NOAA 2000-150
Contact: Stephanie Dorezas

New National Science Center for Marine Protected Areas Also Included

SANTA CRUZ, Calif. – U.S. Secretary of Commerce Norman Y. Mineta today demonstrated the administration's continued commitment to restoration and preservation of the nation's irreplaceable ocean resources by unveiling a state-of-the art scientific research facility in central California.

"Our oceans are indispensable lifelines from both environmental and economic perspectives and require first-class research to ensure their health," Secretary Mineta said of the new marine fisheries research laboratory in Santa Cruz. "This laboratory will provide researchers with the critical tools they need to help shape the future of our oceans."

"One of my top priorities is protecting the oceans and learning all that we can about them. With this stewardship comes important collaborations such as this one that will open doors to new partnerships to help us protect and restore our oceans for generations to come," added Secretary Mineta, the nation's chief advocate for the oceans.

The new facility, located next to UCSC's Long Marine Laboratory, joins a growing research and academic community at this site and in the Monterey Bay region. The location is ideal for developing cooperative, collaborative relationships in education and research. There are now 21 marine science institutions or agency programs based in the Monterey Bay region, employing nearly 1,850 scientists and support staff and with a collective annual budget of nearly $150 million. The $19.4 million laboratory replaces NOAA's obsolete Tiburon lab facilities in the San Francisco Bay area. Other facilities on the site, in addition to Long Marine Lab, include a Marine Wildlife Veterinary Care and Research Center (California Department of Fish and Game) and the Seymour Marine Discovery Center, a public education center and university teaching laboratory. UCSC's Center for Ocean Health and a Seabird/Raptor Facility are currently under construction.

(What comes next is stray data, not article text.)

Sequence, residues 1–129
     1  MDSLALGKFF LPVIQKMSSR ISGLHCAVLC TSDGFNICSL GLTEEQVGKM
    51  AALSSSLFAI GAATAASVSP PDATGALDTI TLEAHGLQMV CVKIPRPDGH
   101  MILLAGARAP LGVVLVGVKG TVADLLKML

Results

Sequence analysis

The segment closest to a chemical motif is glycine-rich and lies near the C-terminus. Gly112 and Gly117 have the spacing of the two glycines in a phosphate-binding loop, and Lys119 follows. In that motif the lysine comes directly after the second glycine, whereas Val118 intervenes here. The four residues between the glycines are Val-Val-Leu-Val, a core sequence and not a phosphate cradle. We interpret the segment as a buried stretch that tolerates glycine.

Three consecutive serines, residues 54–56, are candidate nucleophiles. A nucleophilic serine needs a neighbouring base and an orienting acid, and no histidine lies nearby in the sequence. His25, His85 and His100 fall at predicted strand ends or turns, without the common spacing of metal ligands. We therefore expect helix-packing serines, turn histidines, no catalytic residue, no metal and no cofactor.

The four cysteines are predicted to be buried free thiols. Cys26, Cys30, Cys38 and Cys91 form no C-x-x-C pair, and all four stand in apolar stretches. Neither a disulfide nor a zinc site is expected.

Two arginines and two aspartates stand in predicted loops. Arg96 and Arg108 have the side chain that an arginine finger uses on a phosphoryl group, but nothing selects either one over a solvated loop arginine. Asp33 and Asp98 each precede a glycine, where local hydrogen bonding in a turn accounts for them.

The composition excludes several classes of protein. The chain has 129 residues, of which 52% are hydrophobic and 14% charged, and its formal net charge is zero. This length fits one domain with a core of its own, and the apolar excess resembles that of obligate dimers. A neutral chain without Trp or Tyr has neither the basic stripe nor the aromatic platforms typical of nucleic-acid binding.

"I am delighted to welcome our new neighbor and our newest partner in marine reseach," said Dr. M.R.C. Greenwood, UCSC chancellor. "The new NOAA Fisheries facility, with its distinguished scientists, is a major addition to the unique consortium of leading ocean sciences organizations in the Monterey Bay area."

The mission of the laboratory is to conduct research and produce scientific information and data to support conservation and management of marine fisheries and essential fish habitat. Laboratory scientists focus on a wide variety of field and laboratory studies in the Pacific Ocean off central and northern California and in coastal salmon streams. The environmental research will focus on the near shore waters along the central California coast and San Francisco Bay. It will support the management of these new stocks by providing the scientific basis for future management decisions. The new laboratory, which overlooks the nation's largest National Marine Sanctuary, includes the latest in modern technology including a seawater system that will be used to better study these critical species.

Today, the secretary announced an additional role for the laboratory with nation-wide responsibilities.

"In addition to state-of-the-art fisheries research, the lab will be home to the new National Science Center for Marine Protected Areas. Born out of President Clinton's executive order earlier this spring to enhance existing and newly established MPA's for protection and conservation for our coastal and marine resources, this center will be the focal point of our efforts," Secretary Mineta said.

This national MPA initiative calls for the creation of a comprehensive system of marine protected areas designed to conserve and study representative habitats of all our nation's marine ecosystems.

"There isn't a better place to locate the MPA Science Center than Santa Cruz. We have the best scientists; we have the most up-to-date equipment and a brand new laboratory; we have the grandest doorway to the oceans of anywhere on the planet. This is where it all happens," added Congressman Sam Farr, who has helped make this new a lab reality.